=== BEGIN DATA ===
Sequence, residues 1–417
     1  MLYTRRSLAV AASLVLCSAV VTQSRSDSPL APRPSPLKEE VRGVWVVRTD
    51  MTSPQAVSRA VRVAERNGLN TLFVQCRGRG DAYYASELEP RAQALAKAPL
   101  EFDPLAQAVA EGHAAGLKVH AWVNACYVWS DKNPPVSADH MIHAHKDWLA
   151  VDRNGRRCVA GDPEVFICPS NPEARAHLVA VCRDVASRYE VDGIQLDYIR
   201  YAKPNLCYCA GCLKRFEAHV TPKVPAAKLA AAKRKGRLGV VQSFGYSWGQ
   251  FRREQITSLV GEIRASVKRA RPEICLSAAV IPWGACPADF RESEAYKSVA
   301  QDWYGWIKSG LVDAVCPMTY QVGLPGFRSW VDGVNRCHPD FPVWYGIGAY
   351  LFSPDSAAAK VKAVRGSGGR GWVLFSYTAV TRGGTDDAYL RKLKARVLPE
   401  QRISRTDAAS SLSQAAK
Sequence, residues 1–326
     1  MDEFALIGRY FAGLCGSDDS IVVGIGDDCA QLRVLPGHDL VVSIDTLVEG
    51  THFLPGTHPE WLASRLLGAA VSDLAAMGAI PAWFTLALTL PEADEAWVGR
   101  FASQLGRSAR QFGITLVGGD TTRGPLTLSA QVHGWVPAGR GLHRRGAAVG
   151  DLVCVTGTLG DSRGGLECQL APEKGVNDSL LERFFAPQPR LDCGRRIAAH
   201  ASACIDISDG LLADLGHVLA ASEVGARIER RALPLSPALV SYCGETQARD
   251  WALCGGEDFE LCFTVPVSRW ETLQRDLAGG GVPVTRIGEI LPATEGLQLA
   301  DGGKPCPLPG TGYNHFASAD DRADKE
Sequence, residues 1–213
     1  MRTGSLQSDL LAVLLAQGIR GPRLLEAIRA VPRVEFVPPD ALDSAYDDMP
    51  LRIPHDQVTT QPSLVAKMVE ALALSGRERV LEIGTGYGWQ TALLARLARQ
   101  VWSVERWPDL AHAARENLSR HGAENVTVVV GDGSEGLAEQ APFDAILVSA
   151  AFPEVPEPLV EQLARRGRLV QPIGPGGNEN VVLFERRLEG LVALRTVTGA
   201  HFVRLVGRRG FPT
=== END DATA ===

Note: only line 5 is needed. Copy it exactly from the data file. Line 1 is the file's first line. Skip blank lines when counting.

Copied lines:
   151  VDRNGRRCVA GDPEVFICPS NPEARAHLVA VCRDVASRYE VDGIQLDYIR